The key to a successful team

Have you ever been part of a team that really crushed it – really exceeded expectations, and had fun doing it?  If so, did you then ask yourself, "how did this happen?"

  • Was it the people on the team? 
  • Was it the physical environment? 
  • Was it the rules of engagement?

As companies are restructuring away from traditional, hierarchical organizations, towards a network of cross-functional teams, the formula of what makes a team perform at high levels is becoming a critical pursuit for corporate leaders looking to gain a competitive edge.

Some have tried:

  • Filling the team with A+ performers, employees who consistently exceed expectations, assuming that they are smart people and will therefore quickly figure out how to work well together.
  • Co-locating the entire team, providing a physical environment conducive to greater efficiency and higher levels of collaboration.
  • Implementing structure and decision making models designed to accelerate progress.

Those who are consistently successful have learned that the real key to building a high performing team has very little to do with who is on the team or where they are physically located.  The most important characteristic of a high performing team is Psychological Safety.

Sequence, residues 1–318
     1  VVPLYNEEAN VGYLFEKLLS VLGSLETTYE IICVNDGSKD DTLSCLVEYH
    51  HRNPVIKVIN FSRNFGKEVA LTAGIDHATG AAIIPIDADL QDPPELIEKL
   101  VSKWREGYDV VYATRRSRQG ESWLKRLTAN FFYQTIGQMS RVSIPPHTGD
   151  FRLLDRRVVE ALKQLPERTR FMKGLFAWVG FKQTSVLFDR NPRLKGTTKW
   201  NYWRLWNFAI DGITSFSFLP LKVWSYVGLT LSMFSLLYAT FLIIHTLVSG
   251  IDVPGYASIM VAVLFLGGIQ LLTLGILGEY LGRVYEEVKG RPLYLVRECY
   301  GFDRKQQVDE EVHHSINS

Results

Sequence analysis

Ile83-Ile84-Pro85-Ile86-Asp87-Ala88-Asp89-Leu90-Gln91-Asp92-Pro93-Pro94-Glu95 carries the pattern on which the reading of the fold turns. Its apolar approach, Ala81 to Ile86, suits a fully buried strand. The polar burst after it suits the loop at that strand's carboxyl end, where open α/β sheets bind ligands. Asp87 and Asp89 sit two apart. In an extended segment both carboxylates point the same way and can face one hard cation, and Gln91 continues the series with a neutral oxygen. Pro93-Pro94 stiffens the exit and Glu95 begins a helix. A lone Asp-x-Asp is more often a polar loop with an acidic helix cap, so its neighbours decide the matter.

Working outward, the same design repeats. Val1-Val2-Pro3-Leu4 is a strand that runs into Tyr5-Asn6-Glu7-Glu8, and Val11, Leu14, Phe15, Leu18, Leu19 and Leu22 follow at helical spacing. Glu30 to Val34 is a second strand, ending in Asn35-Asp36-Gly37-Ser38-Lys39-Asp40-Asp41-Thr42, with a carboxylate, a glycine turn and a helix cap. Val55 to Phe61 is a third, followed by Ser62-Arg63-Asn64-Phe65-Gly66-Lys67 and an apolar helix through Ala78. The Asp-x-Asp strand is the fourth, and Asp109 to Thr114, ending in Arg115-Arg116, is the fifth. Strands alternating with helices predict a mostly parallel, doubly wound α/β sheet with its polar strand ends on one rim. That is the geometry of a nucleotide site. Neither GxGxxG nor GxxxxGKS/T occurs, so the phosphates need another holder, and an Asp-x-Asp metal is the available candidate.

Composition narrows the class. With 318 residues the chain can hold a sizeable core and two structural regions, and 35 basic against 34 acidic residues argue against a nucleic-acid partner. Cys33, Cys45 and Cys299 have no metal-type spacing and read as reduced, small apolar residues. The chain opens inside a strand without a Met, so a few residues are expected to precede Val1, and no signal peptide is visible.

Psychological Safety is a shared belief that the environment is safe for interpersonal risk taking:

  • Speaking up with ideas
  • Asking questions
  • Providing candid feedback

Without Psychological Safety, team members can spend valuable time and energy managing risk, to minimize the possibility that they might be undermined or sabotaged by another team member.  Time and energy spent managing risk invariably compromises the capability of the team and impacts team performance.

When team members feel safe, the entire team will have a much higher success rate. When team members feel safe, they are more likely to ask for help, admit mistakes, or try on new roles and take more responsibility.  Leaders who create Psychologically Safe environments see team members consistently contributing at the highest level. 

How can leaders create Psychologically Safe team environments?  It starts with Emotional Intelligence.

In the next article we will explore Emotional Intelligence – what it is, how to measure it, and how to improve it.

Tom KopinskiComment